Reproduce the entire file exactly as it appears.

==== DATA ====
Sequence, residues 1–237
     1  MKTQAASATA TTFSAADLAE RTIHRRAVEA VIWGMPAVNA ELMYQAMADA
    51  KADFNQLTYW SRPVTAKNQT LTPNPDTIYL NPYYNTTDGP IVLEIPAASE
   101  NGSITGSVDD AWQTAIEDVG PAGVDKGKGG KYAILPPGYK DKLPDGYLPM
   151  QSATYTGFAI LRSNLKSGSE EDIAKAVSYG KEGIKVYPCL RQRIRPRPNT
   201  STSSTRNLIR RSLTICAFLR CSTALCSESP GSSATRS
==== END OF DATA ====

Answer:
Sequence, residues 1–237
     1  MKTQAASATA TTFSAADLAE RTIHRRAVEA VIWGMPAVNA ELMYQAMADA
    51  KADFNQLTYW SRPVTAKNQT LTPNPDTIYL NPYYNTTDGP IVLEIPAASE
   101  NGSITGSVDD AWQTAIEDVG PAGVDKGKGG KYAILPPGYK DKLPDGYLPM
   151  QSATYTGFAI LRSNLKSGSE EDIAKAVSYG KEGIKVYPCL RQRIRPRPNT
   201  STSSTRNLIR RSLTICAFLR CSTALCSESP GSSATRS